Henry L. Roediger, III
Washington University in St Louis
Henry L. “Roddy” Roediger, III once made a rather unusual request of one of his graduate students: He asked the nervous first-year to dress up in a gorilla suit and jump up onstage at an APS Annual Convention as part of a keynote address delivered by Roediger’s mentor, APS William James Fellow Endel Tulving.
That graduate student, Andrew Butler, University of Texas at Austin, soon learned what a tremendous opportunity he was offered, interacting with Endel Tulving and countless other thinkers in the vanguard of psychological science. “Roddy opened a door for me, and he has done the same thing for countless others,” says Butler. A key component of Roediger’s mentoring technique is taking active steps to further his students’ knowledge and career opportunities, even if those steps are not always conventional. Each mentee can offer similar memories of times when Roediger promoted the well-being of his mentees behind the scenes, often after they had left his lab—and in at least one case, even though the
student had never officially worked under his guidance.
Another pillar of Roediger’s advisory approach is his strict adherence to good science and his insistence that his lab members be equally conscientious. Many of his mentees noted his ability to quickly parse students’ individual abilities and help them develop their strengths while addressing their weaknesses.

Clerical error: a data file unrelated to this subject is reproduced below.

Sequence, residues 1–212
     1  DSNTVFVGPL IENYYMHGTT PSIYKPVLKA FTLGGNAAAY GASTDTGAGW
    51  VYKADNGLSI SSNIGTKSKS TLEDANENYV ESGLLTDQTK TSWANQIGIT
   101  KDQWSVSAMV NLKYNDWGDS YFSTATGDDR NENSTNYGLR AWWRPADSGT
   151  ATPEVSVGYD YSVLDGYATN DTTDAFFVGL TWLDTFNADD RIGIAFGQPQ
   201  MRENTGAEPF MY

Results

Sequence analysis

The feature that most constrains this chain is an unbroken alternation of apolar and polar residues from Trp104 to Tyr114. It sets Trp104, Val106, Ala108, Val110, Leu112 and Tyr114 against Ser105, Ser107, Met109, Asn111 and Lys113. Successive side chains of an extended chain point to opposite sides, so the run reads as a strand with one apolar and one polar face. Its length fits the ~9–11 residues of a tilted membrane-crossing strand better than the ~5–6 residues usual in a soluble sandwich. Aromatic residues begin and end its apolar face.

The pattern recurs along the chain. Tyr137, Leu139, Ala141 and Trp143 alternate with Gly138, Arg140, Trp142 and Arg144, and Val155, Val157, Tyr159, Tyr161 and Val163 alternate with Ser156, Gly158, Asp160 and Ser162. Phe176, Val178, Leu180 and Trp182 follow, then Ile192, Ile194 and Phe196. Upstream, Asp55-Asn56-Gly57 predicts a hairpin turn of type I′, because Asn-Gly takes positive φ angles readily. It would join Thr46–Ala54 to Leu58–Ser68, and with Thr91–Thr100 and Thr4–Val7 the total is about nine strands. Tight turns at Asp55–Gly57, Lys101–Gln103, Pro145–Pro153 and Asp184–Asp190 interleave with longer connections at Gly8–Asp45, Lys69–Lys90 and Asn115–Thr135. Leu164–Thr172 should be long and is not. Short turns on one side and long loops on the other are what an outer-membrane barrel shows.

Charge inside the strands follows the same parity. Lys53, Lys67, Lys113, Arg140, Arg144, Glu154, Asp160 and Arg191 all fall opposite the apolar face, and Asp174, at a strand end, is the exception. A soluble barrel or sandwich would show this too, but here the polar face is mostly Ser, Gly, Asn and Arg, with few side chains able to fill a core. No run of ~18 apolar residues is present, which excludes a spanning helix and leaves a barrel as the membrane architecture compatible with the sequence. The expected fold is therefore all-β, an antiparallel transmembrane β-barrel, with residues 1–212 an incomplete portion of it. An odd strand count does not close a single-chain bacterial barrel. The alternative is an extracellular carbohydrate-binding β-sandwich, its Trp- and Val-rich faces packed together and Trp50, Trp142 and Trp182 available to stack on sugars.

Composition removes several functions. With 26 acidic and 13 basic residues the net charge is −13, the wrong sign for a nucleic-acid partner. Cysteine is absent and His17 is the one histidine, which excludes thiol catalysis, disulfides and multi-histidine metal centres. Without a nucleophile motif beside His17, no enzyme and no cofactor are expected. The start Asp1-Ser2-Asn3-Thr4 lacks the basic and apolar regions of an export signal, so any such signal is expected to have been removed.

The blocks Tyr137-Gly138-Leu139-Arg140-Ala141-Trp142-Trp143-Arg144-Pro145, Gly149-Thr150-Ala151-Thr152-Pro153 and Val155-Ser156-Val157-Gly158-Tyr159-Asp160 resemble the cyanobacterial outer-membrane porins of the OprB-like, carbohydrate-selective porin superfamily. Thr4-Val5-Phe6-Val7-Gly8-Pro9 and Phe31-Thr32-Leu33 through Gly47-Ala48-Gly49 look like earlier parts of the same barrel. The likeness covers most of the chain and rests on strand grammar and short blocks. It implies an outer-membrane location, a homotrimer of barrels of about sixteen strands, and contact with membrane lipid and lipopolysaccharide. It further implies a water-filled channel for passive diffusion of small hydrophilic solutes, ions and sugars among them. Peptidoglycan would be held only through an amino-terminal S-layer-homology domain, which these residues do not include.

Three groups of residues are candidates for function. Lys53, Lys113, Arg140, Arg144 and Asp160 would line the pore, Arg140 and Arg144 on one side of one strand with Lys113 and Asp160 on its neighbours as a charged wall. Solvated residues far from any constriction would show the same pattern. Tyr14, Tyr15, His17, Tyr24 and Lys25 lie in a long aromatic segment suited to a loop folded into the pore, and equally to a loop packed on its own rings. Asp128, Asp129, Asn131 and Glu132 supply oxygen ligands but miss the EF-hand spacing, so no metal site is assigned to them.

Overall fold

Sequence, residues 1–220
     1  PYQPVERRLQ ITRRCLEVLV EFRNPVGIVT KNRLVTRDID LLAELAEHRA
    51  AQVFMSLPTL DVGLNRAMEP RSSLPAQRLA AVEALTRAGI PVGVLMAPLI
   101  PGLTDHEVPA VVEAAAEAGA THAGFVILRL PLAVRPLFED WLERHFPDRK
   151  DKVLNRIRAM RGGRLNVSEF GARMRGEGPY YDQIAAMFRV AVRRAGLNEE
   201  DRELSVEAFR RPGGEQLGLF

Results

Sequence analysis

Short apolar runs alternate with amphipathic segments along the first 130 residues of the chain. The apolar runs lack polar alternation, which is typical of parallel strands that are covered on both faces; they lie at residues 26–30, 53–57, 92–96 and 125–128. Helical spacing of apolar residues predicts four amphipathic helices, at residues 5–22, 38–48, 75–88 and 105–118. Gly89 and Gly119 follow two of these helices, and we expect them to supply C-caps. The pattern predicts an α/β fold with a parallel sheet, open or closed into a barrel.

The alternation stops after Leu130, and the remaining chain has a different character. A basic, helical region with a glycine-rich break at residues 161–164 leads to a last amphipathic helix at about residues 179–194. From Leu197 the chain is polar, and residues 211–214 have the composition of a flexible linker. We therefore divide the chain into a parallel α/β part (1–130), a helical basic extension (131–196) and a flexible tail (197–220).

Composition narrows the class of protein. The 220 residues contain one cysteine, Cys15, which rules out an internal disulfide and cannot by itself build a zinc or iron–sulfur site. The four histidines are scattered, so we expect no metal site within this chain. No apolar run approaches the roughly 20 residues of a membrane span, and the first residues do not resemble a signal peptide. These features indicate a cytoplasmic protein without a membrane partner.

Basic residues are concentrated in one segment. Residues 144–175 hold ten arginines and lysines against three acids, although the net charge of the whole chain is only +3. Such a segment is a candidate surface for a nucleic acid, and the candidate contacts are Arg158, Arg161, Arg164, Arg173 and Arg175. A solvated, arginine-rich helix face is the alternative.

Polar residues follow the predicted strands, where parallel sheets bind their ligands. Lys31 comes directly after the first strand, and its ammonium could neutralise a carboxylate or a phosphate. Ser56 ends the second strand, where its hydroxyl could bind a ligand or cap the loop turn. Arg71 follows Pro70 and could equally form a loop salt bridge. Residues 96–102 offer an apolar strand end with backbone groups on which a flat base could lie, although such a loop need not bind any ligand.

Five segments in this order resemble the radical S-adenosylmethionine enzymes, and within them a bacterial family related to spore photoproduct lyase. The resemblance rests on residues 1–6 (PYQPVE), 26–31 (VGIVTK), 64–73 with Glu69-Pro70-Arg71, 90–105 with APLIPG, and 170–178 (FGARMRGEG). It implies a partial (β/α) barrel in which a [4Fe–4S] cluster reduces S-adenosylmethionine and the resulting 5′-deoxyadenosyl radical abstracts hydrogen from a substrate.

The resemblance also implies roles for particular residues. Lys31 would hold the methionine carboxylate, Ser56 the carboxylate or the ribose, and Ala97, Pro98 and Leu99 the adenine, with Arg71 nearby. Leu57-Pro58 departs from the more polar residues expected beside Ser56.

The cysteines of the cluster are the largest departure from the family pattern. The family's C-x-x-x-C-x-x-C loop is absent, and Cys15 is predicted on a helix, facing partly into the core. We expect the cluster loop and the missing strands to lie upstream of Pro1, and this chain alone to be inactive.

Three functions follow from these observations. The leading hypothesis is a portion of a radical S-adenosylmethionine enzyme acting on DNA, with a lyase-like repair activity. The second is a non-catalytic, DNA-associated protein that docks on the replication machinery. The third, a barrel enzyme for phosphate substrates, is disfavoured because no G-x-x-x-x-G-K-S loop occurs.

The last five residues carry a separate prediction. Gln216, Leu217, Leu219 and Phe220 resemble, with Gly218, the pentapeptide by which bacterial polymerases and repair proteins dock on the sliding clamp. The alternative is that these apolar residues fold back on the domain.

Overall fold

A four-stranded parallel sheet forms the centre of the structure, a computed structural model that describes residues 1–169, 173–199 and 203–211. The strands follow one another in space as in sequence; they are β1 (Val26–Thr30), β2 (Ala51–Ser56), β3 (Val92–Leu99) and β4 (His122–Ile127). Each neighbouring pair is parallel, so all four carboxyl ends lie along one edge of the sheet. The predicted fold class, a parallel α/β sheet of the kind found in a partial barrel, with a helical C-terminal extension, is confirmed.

Many of Roediger’s former mentees note that he is still the first person they turn to when they face major decisions, such as whether to take a faculty position, where to focus research energies, and how to deal with collegial conflict. Many mentees credit him with helping them navigate both academic and personal predicaments despite his demanding schedule and many duties.
Roediger is not only a driving force in the field of psychological science but also a tremendously generous, exceptionally caring, and constantly encouraging mentor. Past APS Board Member Suparna Rajaram notes that Roddy does “what one imagines the best advisors to do — he gives his students roots, and he gives them wings.”